The cadre took those linked up rucks and essentially made a spaghetti pie out of them all and we were given SECONDS to unhook and put on. Of course, that didn't happen. So began our sprinting up and down the Steps until those rucks got unhooked. Many, MANY trips made! After, we lined up for more sprinting up the steps, 3 GRTs at a time while the next GRT weighted with ruck pushups. After at least half of the class made it through this line, Cadre Cleve grew tired of the amount of time this was taking and sent the remaining GRTs sprinting up and back with one caveat: the final 4 would be linked together in sets of 2 GRTs for the remainder of the event. Slow? You'd be connected to another GRT to get real friendly for many hours to come! I ran fast so no link up for me.


Time to head out around 1am. This would be the last time in sight of a clock until we returned to the Rocky Steps. Due to the class size, we split in two and the cadre split themselves as well. At the foot of the steps were only a few sandbags brought by GRTs as well as 4 "logs" disguised as Crayons. Red, blue, yellow, and the beast....the green one. A local GRT made these as a play on the endless memes created about Marines and their love of Crayons. We first crossed the street to a parking lot where a truck held a LOT of empty GORUCK sandbags and filler bags. Here comes Classic Cleve, that being lots of weight to move. We quickly moved towards the water across the street where we found a sandy trail and told to quickly fill the filler bags with gravel or sand. There weren't any piles around so we ended up on our hands and knees scraping as much as we could to fill the filler bags. We couldn't skimp, either, as every filler bag was checked for fullness before being loaded into the sandbags. Hard, firm fillers quickly became matched up with other fillers in sandbags and created weights that ranged from 80lb to 140lb. HEAVY. There were plenty to go around, too, combined with those Crayons.


Now began time just rucking through the night along the bike-n-hike trail that bordered the Schuylkill River. In two columns, we kept the weight up front and moved with a purpose. As GRTs got tired under the weight, they'd call for relief and switch out the weight. That was challenging most often as moving sandbags north of 100lbs from one set of shoulders to another is not easy...especially given the height differences. Our team leader and assistant team leader did a great job orchestrating it all and keeping us moving. It was about 2.7 miles from the Rocky Steps to where an innocent dock appeared at the waters' edge. The cadre has us hold up while they investigated and the next thing we heard was "ground the weight!" We were getting wet. We headed on down to the dock and it wasn't your traditional dock where the surface is a few feet above the water. Instead, it was level with the water and was dipping in a little more as all 50 of us, with rucks, came aboard. The order then came to ground our rucks behind us and get our butts on the deck with our feet hovering out OVER the water. Yep...flutter kicks were coming! As we all took a seat near the edge, the dock only dipped more into the freezing water and hence, started getting everyone's backsides wet. As we held our legs out there, many just wouldn't scoot to the edge so the suck just got worse as the flutter kicks didn't begin. Eventually, we began counting out 244 flutter kicks (Marine's 244th birthday) but we were failing as a team so on to singing it was...the Marine Corps hymn that we were supposed to memorize for the event. By this point, I just laid back flat and embraced the cold water on my backside. It was far better than getting in head-to-toe, right?! We wrapped up the hymn and up we went, grabbed our rucks, and back to the weights. Time to move on. Butt, legs, shoes, and back wet...but that was not too bad. We got the sandbags and Crayons up and got moving.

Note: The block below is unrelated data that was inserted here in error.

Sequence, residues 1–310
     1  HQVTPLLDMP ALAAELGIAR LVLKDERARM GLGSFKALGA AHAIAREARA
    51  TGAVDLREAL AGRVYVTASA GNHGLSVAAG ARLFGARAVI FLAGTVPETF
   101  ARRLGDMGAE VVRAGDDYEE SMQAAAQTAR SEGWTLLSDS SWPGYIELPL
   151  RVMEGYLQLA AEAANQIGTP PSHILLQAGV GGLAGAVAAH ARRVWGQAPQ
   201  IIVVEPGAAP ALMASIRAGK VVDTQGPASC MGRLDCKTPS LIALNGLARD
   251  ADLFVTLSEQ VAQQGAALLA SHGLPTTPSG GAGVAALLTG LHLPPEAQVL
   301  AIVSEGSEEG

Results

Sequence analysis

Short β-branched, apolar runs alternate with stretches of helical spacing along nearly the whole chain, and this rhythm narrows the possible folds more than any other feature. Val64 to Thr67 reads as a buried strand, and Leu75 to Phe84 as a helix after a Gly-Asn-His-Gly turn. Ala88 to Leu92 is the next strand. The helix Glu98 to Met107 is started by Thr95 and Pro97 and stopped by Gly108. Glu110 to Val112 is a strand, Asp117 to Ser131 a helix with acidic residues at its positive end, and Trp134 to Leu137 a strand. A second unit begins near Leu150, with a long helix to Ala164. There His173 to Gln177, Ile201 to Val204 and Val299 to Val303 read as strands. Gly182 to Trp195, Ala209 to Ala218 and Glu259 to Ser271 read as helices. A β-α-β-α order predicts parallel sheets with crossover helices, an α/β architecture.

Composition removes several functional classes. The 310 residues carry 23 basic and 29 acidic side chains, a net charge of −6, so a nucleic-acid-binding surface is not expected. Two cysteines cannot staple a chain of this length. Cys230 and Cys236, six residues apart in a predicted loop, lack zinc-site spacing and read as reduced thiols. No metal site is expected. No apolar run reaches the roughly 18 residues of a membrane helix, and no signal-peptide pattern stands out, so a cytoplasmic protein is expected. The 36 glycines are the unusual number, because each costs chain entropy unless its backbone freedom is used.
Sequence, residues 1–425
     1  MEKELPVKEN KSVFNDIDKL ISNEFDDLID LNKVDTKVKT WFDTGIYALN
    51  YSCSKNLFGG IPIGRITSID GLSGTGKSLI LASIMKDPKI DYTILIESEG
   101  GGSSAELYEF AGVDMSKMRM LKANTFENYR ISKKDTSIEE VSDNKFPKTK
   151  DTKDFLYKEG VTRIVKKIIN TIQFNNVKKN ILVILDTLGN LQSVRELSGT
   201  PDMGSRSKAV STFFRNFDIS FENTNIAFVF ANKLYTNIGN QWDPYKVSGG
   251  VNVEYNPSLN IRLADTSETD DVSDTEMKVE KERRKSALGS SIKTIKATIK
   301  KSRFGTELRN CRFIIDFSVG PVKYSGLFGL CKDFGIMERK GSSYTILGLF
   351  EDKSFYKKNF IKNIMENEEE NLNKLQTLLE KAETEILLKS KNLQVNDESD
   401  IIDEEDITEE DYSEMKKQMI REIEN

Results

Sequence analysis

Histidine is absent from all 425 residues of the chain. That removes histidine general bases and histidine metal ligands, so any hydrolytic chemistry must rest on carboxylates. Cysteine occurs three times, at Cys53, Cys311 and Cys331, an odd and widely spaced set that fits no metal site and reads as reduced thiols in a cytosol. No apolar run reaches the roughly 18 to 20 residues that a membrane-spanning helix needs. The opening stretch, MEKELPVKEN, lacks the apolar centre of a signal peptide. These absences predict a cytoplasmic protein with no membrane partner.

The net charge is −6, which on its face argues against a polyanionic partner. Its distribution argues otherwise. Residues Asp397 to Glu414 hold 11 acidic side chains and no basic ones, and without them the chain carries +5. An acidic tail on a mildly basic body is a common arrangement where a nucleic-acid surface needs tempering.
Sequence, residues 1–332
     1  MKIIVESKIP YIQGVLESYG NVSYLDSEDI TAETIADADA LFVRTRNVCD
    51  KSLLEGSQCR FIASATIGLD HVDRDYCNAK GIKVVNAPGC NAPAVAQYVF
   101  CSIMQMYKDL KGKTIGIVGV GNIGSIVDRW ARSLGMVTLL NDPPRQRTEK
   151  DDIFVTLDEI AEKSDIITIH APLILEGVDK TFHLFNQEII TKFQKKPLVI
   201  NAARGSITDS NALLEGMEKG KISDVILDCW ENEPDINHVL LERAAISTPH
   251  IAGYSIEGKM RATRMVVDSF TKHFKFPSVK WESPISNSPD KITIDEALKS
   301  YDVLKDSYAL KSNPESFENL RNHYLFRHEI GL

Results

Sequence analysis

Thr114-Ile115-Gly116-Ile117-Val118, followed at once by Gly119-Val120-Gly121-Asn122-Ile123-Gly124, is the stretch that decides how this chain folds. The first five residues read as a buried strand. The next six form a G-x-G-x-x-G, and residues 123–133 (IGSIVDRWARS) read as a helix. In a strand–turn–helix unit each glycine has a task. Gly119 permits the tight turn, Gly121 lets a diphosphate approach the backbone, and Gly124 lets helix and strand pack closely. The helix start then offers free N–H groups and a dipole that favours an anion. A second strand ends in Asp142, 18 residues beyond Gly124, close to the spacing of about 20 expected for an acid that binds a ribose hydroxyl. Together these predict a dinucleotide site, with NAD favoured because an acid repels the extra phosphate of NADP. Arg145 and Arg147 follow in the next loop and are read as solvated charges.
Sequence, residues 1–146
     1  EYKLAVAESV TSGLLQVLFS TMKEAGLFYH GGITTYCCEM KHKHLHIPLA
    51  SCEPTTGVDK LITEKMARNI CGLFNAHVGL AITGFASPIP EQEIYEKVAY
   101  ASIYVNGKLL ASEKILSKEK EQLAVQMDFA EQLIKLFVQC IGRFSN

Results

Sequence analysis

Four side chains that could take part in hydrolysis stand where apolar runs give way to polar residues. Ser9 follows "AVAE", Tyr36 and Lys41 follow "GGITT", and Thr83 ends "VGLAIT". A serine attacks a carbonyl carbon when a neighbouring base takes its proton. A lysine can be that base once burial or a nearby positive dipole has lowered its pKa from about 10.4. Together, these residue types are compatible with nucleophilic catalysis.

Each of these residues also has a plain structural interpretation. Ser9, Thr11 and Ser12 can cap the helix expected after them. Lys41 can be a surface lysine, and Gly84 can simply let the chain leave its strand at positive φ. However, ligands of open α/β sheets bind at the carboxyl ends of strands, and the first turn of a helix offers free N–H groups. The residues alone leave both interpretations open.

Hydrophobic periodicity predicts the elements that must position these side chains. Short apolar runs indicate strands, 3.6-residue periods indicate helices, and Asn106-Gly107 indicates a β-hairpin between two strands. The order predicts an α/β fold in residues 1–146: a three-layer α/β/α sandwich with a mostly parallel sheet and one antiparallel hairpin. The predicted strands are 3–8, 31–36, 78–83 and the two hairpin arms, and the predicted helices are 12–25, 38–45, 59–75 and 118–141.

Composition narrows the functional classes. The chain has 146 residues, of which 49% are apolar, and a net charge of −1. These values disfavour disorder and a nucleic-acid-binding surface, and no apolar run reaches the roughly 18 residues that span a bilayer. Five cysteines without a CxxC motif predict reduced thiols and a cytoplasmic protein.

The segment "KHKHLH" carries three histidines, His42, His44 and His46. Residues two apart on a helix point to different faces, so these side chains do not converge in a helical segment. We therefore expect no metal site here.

It wasn't even a few hundred yards later and we were held up again. The cadre were walking back down towards the water's edge. It looked like a boat ramp they were looking at. Turns out, our new team leader made a comment back at the dock that he'd rather just get in the water completely vs. just hang over the edge of the dock. Cadre Cleve heard him say that. Thanks, buddy. We were told to ground the weight again. We were going in...one at a time, totally underwater. We were given the option to strip down as far as we wanted and most went down to their underwear. I opted to strip off everything up top but leave my pants and shoes on. Prana pants dry super fast and my feet were doing awesome so I didn't want to disturb them by removing my socks. Wet feet, even though I hate the cold, aren't really an issue. I made my way on down and was passed by shivering and frozen GRTs coming up out of the water. I just got down there about knee deep and dropped down face first in the water, burpee style, then ran my tail off up out of the water hoping to leave as much water as I could behind. We all got dressed and before you knew it, we heard a countdown for getting that weight back up on our backs and begin moving again. There was a time not too far after this where we were given a few minutes to go to the bathroom and take a brief rest. Coming off of that break yielded a sluggish start so after getting the sandbags up, they were coming down again and we were doing PT along the highway. We kept doing that until we could get ALL of the weight up and moving before time was up. If that did anything, it helped warm people up. I, for one, appreciated that. An increasing body temperature would only dry my feet and clothes via the technical gear I had on.